Impressions in the snow tell fascinating stories
Whether it’s tire tracks or animal tracks, we all leave our marks in the snow.
The road leading up to my house has undergone a series of transformations in recent weeks. After the heavy snow of December, the January sunshine caused the snow to melt off the hillside onto the road by day, and at night it would freeze, creating a steep ice rink to negotiate.
Five different visitors tried to drive up our road that month, and all encountered problems.
My husband and I drive up and down this particular stretch of road daily, but, as my husband points out, it helps to have studded tires and a knowledge of where to gun the accelerator on the flatter parts in order to make it up the steep parts.
At several switchbacks, we had large indentations left in the snow bank where a vehicle had been pressed against it, leaving a very distinct mark.
A wet snow followed, with the expected freezing at night, which changed the road from a slippery nightmare to a deeply rutted road. These icy ruts correct your tires with a jerk if you drift ever so slightly, not unlike the Autopia ride at Disneyland.
As the deep icy tracks turned to slush, the road transformed again, this time turning it into Mr. Toad’s Wild Ride.
As the snow piles up, the banks grow higher providing a cushion to bounce off of. There are pot holes to dodge, and here and there those icy ruts remain, abruptly realigning your wheels back into the track.
My husband drives this stretch of road with the seat belt reminder bell ringing. Fastening my seat belt is the first thing I do before I even start the ignition.
Our propane delivery guy always calls to check on the condition of the road before putting chains on all four tires and heading up to fill our tanks. We can always tell when he’s come by because of the gouges left in the road at the turns. Needless to say, we’re grateful that we have someone even willing to make the trip.
We used to have a couple of snowmobiles, which a few members of my family enjoyed using. Apparently, I did not drive these fast enough to enjoy them. My reluctance to accelerate created a situation in which I chugged along breathing in exhaust. Between the noise and the fumes, I usually lasted a few minutes and then I’d let someone else enjoy them.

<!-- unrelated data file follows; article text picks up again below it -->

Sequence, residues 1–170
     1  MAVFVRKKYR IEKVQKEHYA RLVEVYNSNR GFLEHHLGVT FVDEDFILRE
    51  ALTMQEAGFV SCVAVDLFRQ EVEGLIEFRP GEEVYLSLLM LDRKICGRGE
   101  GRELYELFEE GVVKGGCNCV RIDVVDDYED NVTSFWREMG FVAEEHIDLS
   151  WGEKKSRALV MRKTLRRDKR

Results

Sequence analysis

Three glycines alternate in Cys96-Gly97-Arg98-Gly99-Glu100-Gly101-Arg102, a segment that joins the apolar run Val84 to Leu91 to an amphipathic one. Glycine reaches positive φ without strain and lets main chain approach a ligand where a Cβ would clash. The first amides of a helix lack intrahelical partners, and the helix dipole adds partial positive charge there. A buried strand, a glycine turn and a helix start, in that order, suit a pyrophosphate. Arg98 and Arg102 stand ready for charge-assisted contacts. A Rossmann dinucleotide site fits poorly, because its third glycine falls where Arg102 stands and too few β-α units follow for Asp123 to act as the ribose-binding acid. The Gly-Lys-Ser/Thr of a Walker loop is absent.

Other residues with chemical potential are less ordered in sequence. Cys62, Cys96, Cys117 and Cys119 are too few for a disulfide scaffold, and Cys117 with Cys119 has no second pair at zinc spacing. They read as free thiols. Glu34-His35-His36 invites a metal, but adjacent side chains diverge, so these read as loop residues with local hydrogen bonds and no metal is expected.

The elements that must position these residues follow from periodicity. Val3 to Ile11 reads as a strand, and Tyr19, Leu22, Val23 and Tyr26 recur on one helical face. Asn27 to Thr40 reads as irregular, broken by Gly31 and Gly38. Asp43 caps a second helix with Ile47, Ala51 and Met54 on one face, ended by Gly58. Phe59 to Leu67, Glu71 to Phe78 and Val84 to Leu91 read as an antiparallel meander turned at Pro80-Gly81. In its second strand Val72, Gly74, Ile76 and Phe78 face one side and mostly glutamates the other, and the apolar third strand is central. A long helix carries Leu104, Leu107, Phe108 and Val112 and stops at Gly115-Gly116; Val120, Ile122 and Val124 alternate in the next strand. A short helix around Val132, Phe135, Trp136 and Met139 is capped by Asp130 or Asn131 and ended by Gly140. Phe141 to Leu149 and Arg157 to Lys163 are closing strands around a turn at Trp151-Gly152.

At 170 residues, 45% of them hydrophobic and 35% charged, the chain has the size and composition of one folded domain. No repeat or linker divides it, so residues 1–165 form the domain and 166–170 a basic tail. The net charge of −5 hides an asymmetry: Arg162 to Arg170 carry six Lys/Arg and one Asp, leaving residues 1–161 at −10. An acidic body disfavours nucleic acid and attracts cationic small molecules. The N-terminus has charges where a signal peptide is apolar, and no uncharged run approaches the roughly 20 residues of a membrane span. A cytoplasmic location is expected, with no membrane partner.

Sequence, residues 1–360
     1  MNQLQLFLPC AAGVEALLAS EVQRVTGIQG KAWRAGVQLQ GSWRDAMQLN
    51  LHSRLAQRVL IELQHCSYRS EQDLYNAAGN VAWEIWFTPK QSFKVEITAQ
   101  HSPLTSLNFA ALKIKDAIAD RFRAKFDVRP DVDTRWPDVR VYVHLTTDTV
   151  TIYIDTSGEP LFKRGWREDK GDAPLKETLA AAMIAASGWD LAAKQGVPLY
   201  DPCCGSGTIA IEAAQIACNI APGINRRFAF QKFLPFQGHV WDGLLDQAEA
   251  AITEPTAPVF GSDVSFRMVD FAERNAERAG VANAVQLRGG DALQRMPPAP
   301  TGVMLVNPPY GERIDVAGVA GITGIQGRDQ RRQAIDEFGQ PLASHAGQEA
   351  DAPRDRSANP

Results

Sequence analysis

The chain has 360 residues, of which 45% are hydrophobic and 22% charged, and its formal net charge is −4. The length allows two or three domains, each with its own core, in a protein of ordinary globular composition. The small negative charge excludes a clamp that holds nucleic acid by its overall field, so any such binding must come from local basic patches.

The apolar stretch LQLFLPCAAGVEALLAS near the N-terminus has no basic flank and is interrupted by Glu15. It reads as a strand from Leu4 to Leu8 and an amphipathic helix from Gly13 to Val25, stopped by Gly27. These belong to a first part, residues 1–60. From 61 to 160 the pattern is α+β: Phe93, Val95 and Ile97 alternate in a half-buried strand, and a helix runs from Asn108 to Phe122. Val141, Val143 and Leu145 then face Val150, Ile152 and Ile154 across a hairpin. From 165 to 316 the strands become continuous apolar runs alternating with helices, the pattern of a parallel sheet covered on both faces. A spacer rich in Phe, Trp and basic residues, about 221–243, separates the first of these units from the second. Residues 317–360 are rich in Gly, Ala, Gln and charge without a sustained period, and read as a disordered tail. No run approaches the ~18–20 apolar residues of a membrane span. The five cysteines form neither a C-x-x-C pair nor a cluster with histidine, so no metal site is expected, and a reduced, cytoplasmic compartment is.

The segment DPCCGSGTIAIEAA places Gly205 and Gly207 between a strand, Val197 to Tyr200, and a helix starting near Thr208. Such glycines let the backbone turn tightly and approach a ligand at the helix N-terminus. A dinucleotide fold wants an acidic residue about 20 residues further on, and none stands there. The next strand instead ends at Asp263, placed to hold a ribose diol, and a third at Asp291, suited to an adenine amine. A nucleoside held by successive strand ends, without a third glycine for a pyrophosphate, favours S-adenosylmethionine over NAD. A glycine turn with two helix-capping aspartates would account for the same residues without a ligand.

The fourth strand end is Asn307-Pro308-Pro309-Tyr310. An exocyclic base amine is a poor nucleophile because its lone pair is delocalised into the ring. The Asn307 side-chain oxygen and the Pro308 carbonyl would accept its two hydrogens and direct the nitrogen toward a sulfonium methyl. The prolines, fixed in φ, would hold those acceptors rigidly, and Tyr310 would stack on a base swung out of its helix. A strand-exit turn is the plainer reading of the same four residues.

We recently sold the snowmobiles to a friend who came up last week to test them out and take them home. My husband asked our friend to try and stay on our property. We have a neighbor who understandably does not appreciate snowmobile riders cruising across her property. Of course, my husband did not show him exactly where our property ends and hers begins, so now we have snowmobile tracks going in and out of her carefully planted trees which border her side of the meadow. Hopefully, it will snow soon to cover up those telling tracks in the snow.
When I’m out on cross country skis or snow shoes, or just walking along the plowed road with my dogs, I always notice the tracks left by animals.
Often coyote or deer tracks indicate that these animals prefer to travel up or down our road rather than traipse through the deeper snow in the forest.
Last winter one of my dogs took off with a pack of coyotes. Their tracks helped me know which way to go after her. I hurriedly threw on my cross country skis, although the choice of skis over snow shoes turned out to be a poor one as the snow had a slick crusty top layer. Of course, our snowmobiles would have been the best option, but that didn’t occur to me. My feet kept slipping out from underneath me as I struggled to catch up with my dog. After a while, I ran into a neighbor who told me he had seen my dog “playing” with two coyotes. My dog eventually came back, a little bloody, but in better shape than me on my skis. I had a pulled groin muscle.
When there’s a fresh layer of snow on the ground, I love to notice the tracks left by animals who have ventured out from their dens. The rabbit tracks always seem to emerge from tree wells.
I have one dog that stays on top of the snow and another who sinks below the surface with every step. She’s the one with hip problems; the one who takes off with coyotes.
My dogs run ahead of me when we’re out for a walk, a ski or a snow shoe because they are familiar with the different loops we take. I follow their tracks and can plainly see exactly where they get side-tracked.
I enjoy the tracks in the snow, which always reveal something, whether they’re made by man, beast or little tiny creature.
Katie Shaffer is a Truckee resident. Life in Our Mountain Town appears every other week in the Sierra Sun. Reach her at email@example.com.
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